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The following code does not work:

 \left \| x \mapsto \sup_{(y, t) \in \Gamma_x^{(A, a)}(\gamma)} & \int_{\R^d} M_{t^2}(y, z) 1_{N_\tau^c}(y, z) |f(z)| \, \d z \right \|_{L^1(\gamma)}\\
 &= \int_{\R^d} \left | \sup_{(y, t) \in \Gamma_x^{(A, a)}(\gamma)} \int_{\R^d} M_{t^2}(y, z) 1_{N_\tau^c}(y, z) |f(z)| \, \d z \right | \, \d\gamma(x)

\R is defined as \newcommand{\R}{\mathbf R}.

Probably \left does not work across &'s. How do I fix this? Do I have to give the size manually? Placing \right . & \left . does not give the desired effect because they will not necessarily both be the same size.

Manually setting the size works, but I'm not sure if \left works "stepless" in the sense that it can get any size, where the \Bigg and so on are fixed. Further, it would be nice if it would work automatically so that I don't have to get back all the time to check if my delimiters are large enough.

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Please add the definition of the command \R (or the package that creates this) to your example. – Ian Thompson Jul 20 '11 at 11:20
@Ian: I have done that. – Jonas Teuwen Jul 20 '11 at 11:22
up vote 3 down vote accepted

Up to the delimiters produced by \Bigg, any size produced by \left and \right can also be produced by \big, \bigg, etc. so you can manually set the size in most cases (\left and \right can create delimiters bigger than \Bigg, for use with matrices and the like). However, the example that you have provided doesn't appear to need alignment at all; you can just delete the ampersands and use multline* instead of align*.

If you have other examples where corresponding left and right delimiters appear on different lines, then you might try the breqn package.

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Thank you. The example I gave doesn't need align but I have multiple lines after that which I have deleted for the example. – Jonas Teuwen Jul 20 '11 at 11:24
Okay, now I see the modification. How do I get larger delimiters than \Bigg produces if there is an & in between? The breqn package seems overkill and probably doesn't work well with my current document. – Jonas Teuwen Jul 20 '11 at 13:03
@Jonas --- I can't think of a good way to get the extra large delimiters in the situation you describe, but there are other users here who will be able to help. Ask a separate question about this to attract their attention. – Ian Thompson Jul 20 '11 at 14:57

(Note: This answer was edited extensively by the original author, mostly to do a better job of explaining the use of struts in math formulas.)
I think a flexible (and nearly automatic) way to equate the heights of the math delimiters across the & hurdle uses the TeX command \vphantom. The \vphantom command creates a strut -- a TeX "box" with the same height/depth as its argument but with zero width, hence the box is "invisible" -- of the same height/depth as the tallest item on either side of the & divide. You then place the strut on the side of the & sign that doesn't contain this tall object; as a result, the math delimiters at either end of the formula will have the same overall heights.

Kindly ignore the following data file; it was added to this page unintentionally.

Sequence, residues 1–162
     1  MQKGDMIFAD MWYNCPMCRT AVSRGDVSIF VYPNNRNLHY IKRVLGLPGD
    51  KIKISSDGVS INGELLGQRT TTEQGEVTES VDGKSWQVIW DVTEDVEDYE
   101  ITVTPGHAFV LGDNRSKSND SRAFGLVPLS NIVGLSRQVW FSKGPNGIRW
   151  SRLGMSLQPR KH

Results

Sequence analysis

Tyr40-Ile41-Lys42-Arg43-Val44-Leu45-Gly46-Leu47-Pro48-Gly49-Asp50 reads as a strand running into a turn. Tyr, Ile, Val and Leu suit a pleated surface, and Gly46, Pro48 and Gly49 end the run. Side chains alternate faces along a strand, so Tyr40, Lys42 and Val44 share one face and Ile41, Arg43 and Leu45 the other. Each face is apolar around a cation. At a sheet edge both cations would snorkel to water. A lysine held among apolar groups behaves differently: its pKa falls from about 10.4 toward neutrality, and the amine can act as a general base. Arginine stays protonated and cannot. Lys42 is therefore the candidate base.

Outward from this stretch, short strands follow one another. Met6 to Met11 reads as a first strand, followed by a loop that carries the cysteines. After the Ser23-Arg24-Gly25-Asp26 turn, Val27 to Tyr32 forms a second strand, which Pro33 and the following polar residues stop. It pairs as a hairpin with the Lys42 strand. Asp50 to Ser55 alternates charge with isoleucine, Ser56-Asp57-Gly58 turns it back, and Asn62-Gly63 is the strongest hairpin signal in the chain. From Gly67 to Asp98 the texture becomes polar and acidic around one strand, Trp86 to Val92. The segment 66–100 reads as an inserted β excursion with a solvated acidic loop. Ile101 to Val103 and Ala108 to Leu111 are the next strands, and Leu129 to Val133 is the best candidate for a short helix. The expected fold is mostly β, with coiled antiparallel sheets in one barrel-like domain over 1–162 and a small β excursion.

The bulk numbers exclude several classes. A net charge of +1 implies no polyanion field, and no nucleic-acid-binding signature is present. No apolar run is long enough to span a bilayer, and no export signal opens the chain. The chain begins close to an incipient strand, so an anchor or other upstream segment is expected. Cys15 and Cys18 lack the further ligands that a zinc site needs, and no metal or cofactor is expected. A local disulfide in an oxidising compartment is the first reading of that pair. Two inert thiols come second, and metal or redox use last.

The code below uses the first equation of your align example. (The second equation doesn't have this issue, so it needn't be reproduced here.) The first line in the align environment below (more or less your original code) shows the undesirable effect of not using a strut. The second line shows how the insertion of the strut on the right-hand side of the & sign serves to equate the heights of the two math delimiters. Two comments are in order: First, to separate the two parts of the formula visually, I've replaced the & sign with &\ddag; in practice, one would obviously not include the \ddag symbol. Second, to make the location of the strut in the code easily visible, I've coded the strut as an explicit macro called \hugestrut; in practice, one would just write \vphantom{...}.

The only part that's not completely automatic is that, in order to create the strut, one has to know which element in the formula has the greatest height/depth. However, finding this out should be rather easy from a visual inspection of the two sides of the & hurdle.

%% \hugestrut is a strut, i.e., an invisible zero-width box
\newcommand{\hugestrut}{\vphantom{\sup_{(y, t) \in \Gamma_x^{(A, a)}(\gamma)}}}

%% first, without the strut
\left \|\, x \mapsto \sup_{(y, t) \in \Gamma_x^{(A, a)}(\gamma)} \right.
&\ddag \left. 
\int_{\R^d} M_{t^2}(y,z) 1_{N_\tau^c}(y,z) |f(z)| 
\,\mathrm{d} z \,\right \|_{L^1(\gamma)}\\[2em]
%% second, with the strut placed on the right-hand side of the & term
\left \|\, x \mapsto \sup_{(y, t) \in \Gamma_x^{(A, a)}(\gamma)} \right.
&\ddag \left. \hugestrut
\int_{\R^d} M_{t^2}(y,z) 1_{N_\tau^c}(y,z) |f(z)| 
\,\mathrm{d} z \,\right \|_{L^1(\gamma)}
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‍@Mico: I've marked your inline code with backticks `. – Hendrik Vogt Jul 20 '11 at 12:42
Thanks, Hendrik! I'm still fairly new to this group, so I'm glad to get these pieces of advice. – Mico Jul 20 '11 at 13:43
@Mico: Thanks. I don't understand yet how it works, but I'll study it. – Jonas Teuwen Jul 20 '11 at 15:00

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